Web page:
In response to canonists' conceits, Stearns proposes to mobilize the most recent advances in humanistic scholarship to shift teaching from the reverential contemplation of past value systems to the consideration of how culture shaped and informed institutions. Stearns holds that this scholarship has produced general theories that guide its inquiries, that it constantly produces new knowledge that represents usable progress, and that it provides unique possibilities for understanding social and cultural phenomena. This resurgent humanistic learning in such fields as history and literature possesses the educative attributes of a highly developed social science, able to impart crucial analytical skills, attuned to further discovery, and linked to contemporary social and cultural issues. Much of the latter part of Stearns' work constitutes a practical handbook for the implementation of a noncanonical but general education in the humanities. Insisting upon the need for central organizing questions--"real questions that require grappling with analysis and argument, not just coverage stipulations" (152)--he presents a list of the general analytical abilities that his proposed humanities program should contain: the ability to interpret and combine source materials, the ability to compare societies and cultures in order to enhance understanding, the capacity to test models applied to social and cultural phenomena, and the capacity to assess the impact of cultural factors in shaping human institutions and behaviors. He concludes that the ability to deal with diverse interpretations of social and cultural questions is the crucial skill, favorably quoting Joan Scott's comment that "interpretation is the name of the game in the humanities" (155).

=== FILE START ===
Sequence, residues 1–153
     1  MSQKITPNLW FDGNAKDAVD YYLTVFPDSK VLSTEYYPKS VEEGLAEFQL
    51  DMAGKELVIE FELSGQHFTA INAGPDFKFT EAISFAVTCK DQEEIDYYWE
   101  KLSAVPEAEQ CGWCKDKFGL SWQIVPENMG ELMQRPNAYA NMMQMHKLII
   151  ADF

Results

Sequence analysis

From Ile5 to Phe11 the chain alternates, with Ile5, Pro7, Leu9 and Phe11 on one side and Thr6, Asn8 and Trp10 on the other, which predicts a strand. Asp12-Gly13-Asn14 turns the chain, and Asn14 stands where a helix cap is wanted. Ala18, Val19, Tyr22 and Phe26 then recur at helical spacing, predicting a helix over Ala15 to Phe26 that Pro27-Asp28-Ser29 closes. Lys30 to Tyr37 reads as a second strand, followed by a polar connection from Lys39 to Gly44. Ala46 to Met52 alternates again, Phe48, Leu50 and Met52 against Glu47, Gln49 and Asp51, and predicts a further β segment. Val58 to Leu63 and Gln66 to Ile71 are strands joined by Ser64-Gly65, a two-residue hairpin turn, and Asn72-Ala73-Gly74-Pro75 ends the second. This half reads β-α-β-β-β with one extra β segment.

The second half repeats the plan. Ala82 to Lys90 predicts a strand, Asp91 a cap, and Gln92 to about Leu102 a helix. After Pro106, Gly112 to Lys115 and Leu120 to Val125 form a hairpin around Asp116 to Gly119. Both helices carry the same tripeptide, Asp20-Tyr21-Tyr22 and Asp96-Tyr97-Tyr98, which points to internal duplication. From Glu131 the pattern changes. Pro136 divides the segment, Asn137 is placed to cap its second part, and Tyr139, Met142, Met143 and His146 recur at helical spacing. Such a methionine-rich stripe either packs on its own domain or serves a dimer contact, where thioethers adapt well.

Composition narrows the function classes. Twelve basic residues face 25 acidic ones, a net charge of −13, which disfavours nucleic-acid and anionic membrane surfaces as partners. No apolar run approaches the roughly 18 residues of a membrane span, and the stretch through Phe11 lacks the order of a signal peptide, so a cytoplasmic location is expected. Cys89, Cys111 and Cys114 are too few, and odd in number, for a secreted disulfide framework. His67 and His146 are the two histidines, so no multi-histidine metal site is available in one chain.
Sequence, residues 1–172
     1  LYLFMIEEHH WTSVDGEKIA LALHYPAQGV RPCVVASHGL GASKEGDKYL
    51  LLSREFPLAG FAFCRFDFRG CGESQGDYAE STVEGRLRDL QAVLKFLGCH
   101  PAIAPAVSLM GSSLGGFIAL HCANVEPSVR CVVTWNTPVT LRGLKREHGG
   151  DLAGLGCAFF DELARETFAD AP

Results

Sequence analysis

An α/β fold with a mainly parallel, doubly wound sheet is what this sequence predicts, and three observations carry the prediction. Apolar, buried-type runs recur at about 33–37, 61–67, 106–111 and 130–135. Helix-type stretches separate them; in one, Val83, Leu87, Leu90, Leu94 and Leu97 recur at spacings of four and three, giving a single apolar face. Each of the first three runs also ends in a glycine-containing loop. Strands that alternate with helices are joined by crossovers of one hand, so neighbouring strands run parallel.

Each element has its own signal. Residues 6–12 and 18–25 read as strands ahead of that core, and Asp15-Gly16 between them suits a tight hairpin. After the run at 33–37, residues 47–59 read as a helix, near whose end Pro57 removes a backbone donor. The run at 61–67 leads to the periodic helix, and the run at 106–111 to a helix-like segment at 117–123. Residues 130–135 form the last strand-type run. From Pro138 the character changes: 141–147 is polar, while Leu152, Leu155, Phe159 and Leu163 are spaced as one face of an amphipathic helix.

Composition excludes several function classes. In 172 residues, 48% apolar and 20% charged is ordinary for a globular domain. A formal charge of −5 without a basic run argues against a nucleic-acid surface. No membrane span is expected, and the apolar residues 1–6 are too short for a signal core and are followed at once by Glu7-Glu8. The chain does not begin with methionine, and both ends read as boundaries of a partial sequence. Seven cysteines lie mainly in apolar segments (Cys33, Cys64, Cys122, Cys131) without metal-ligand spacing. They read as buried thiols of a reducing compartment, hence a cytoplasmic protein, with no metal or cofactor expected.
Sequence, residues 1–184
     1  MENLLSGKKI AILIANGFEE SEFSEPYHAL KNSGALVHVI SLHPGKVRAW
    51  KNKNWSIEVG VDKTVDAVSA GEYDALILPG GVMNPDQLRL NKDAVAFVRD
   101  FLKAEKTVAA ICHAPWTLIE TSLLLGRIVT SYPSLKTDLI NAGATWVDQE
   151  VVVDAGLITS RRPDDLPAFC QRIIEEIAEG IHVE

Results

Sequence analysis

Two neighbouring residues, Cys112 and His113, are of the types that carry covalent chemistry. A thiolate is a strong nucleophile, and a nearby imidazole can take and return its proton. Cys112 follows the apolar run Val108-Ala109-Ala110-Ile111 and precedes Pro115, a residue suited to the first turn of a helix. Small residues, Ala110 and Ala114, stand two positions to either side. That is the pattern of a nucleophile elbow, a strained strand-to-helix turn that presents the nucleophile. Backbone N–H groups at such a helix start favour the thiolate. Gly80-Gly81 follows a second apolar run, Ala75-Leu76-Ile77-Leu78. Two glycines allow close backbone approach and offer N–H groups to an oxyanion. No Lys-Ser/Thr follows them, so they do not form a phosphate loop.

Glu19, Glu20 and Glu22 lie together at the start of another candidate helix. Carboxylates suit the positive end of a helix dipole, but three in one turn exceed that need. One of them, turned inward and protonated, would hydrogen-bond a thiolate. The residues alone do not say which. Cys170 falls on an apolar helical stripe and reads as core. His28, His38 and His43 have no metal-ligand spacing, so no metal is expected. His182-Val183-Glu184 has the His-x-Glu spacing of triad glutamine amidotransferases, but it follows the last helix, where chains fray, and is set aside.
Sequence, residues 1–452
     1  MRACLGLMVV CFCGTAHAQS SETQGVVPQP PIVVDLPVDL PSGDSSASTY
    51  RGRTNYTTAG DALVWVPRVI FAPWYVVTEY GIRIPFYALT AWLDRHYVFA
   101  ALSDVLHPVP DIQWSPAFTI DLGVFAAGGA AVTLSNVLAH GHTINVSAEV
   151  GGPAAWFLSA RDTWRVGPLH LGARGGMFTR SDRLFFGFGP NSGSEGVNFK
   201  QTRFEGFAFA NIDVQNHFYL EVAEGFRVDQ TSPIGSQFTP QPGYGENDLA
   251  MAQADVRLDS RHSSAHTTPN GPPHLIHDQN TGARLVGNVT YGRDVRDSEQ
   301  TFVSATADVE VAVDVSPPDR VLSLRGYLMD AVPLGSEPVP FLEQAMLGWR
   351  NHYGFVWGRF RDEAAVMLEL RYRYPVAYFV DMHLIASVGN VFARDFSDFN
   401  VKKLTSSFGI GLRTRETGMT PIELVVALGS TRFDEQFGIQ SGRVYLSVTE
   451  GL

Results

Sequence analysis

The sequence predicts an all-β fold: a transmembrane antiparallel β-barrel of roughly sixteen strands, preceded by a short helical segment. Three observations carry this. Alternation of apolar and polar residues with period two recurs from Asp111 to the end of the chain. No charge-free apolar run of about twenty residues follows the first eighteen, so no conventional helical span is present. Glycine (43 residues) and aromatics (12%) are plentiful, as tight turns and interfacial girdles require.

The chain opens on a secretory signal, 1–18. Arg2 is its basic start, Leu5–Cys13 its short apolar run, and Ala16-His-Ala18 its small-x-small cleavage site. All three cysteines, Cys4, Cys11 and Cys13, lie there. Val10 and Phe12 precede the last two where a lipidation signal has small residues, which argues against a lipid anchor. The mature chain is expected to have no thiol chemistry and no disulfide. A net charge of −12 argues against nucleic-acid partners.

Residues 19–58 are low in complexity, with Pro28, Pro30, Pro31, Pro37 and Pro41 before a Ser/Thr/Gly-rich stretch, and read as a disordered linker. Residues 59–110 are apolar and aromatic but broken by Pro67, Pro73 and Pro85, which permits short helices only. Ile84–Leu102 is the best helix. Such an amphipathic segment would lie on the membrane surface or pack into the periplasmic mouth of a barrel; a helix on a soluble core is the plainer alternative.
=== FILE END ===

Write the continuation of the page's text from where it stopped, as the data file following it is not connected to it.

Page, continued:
This education in analytic skills cannot be otherwise value-free. Stearns maintains that the task of the educational reformer should be to "instill intelligent respect for democracy while arguing that the curricular implications support rather than undermine the thrust toward innovation" (219). Stearns must combine his rejection of a canon focused exclusively on great works and heroes of the Western tradition, his model of humanities as social science grouped around analytic questions, his acknowledgement of the importance of (a rather sketchily described) interpretation, and his assumption of the practical necessity of advocating a particular set of values, namely, democracy. Stearns maintains, after all, that "current humanities education" is …